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An ingress is a resource that enables traffic to come into your Kubernetes cluster from the outside. This is usually to HTTP or HTTPS service. There are ways to map non-HTTP services to an ingress, but that is less common. This blog will only focus on HTTP and HTTPS traffic.
One of the more interesting aspects of an ingress resource is that even though it is a basic primitive that ships with Kubernetes - like pods, deployments, replica sets etc., it actually requires something called an ingress controller to be installed on the cluster for the ingress resource to function. Creating an ingress resource without one of the controllers installed will have no effect.
Since ingress resources require the controller to be running, the configuration of an ingress can be a bit open-ended. Any configuration that's specific to the type of controller you've chosen is generally done by annotating the ingress resources.
You can think of an ingress controller as a sort of web server for all of your services in your Kubernetes cluster. It is configured to route requests to the proper service; not unlike the days of installing Apache on a bare metal server to expose a website to the internet.
You can visualize how the ingress controller vs ingress resource is architected:
Source: Google Community Tutorials
Most ingress controllers will allow you to do both host based routing so foo.com should route to foo service in the foo namespace as well as path based routing - foo.com/dashboard should route to the foo-dashboard service.
For simplicity sake, I’ll demo a single ingress controller - the nginx ingress controller. It's a popular choice in the Kubernetes community, but I also want to encourage you to investigate the various ingress controllers out there and decide which one makes most sense for your applications.
Let's take a look at an example.
You’ll first need to install the nginx ingress controller as documented in the GitHub repository. This launches the pods and related resources that will process and serve Ingress resources for you. The Nginx Ingress Getting Started page provides Kubernetes manifests for installing in Kubernetes on your own machine, AWS, GCP, or Azure clouds. For example, to install Nginx Ingress in Kubernetes running on your machine:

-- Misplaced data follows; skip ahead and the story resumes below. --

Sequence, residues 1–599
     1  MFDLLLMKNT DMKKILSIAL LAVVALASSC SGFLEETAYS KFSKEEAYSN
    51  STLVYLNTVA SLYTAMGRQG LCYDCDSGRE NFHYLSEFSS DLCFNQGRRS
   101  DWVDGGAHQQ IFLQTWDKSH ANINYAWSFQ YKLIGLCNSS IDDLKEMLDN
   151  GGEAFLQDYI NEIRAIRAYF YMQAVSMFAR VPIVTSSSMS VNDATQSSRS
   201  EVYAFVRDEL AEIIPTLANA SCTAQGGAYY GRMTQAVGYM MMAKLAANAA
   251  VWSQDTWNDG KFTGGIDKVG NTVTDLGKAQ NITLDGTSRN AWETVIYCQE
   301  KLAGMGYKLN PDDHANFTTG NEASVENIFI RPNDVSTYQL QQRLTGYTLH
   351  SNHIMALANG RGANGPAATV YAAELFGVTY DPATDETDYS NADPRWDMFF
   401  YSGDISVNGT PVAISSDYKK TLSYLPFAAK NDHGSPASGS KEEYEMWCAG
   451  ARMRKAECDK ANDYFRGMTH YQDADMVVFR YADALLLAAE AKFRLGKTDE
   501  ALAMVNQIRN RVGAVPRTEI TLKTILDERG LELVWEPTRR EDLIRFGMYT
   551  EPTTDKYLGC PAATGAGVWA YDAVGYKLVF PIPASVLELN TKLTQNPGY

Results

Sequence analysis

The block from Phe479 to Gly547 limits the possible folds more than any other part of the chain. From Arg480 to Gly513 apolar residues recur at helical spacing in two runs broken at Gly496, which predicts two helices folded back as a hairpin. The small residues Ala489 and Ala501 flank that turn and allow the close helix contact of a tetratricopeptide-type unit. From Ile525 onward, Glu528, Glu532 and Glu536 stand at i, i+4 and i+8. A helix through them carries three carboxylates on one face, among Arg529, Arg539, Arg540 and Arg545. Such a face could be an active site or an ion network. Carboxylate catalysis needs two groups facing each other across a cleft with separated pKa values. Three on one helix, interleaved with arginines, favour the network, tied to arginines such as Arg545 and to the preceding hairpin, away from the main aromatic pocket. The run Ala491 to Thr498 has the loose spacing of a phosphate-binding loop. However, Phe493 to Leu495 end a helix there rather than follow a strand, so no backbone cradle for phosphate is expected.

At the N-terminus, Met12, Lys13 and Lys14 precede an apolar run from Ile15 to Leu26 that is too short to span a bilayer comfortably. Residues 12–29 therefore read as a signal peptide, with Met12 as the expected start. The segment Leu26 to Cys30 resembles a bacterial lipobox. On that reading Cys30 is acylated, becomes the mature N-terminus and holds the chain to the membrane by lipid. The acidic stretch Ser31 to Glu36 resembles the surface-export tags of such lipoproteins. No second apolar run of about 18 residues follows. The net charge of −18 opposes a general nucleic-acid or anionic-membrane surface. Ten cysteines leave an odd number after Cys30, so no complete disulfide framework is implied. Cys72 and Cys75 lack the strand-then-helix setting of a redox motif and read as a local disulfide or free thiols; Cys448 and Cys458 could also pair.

kubectl apply -f
….. NodePort: http 32316/TCP
Next test the Kubernetes Service that provides access to the Nginx Ingress Controller pods, which in turn provide access to your Ingress objects. Kubernetes running on your machine will have been configured with a NodePort Service, and cloud installations with a LoadBalancer Service. To connect to a NodePort Service, in the case of Kubernetes running on your machine:
$ kubectl describe service -n ingress-nginx ingress-nginx-controller
In this case, connect to localhost:32316 on your machine. You should receive a page which displays “404 Not Found" - this is the Ingress Controller default response. IF you are using cloud-hosted Kubernetes, use the above “kubectl describe” command, and connect to the host name of the load balancer instead.
Now you’ll deploy a test application to Kubernetes.
This application is httpbin, a simple tool for requesting and receiving replies from an API. It provides the API and a front-end so it's good for testing. The Service is of type ClusterIP, and the ingress will send traffic to the endpoints (pods) of that Service. Now take a look at the ingress manifest that was applied by the above command.
apiVersion: networking.k8s.io/v1beta1 kind: Ingress metadata: name: httpbin namespace: httpbin annotations: kubernetes.io/ingress.class: nginx spec: rules: - host: localhost http: paths: - backend: serviceName: httpbin servicePort: 80 path: /
nginx is the class we're using. The controller looks for this annotation and knows that it owns this ingress. You'll notice here in the rules section that we set the host to be localhost. This will obviously be different if you're launching a production deployment - it could be your company's website or whatever url you are using for your application. For the backend, we’re pointing to that httpbin service that we just launched. Now make sure the httpbin pods are running.
$ kubectl get po -n httpbin -w
NAME READY STATUS RESTARTS AGE IP NODE NOMINATED NODE READINESS GATES httpbin-675dcdbdbd-w64f7 1/1 Running 0 9s 10.244.120.104 NodeName none none
This app also provides a restful API, JSON. You can take a look at it in the browser
We can also look at the API in the browser by accessing the Nginx Ingress Controller service, making sure to specify “localhost” as the HTTP host header. The HOST header must match the host name specified in the Ingress. For example, replace “ServiceHostName” with localhost (if running Kubernetes on your machine) or the host name of your cloud load balancer:
curl --header "HOST: localhost" http://ServiceHostName
There is a lot more to ingress. We encourage you to read more documentation or trial other ingress controllers. If you need help, do get in touch. Fairwinds offers Kubernetes services to help at any stage in your cloud native journey.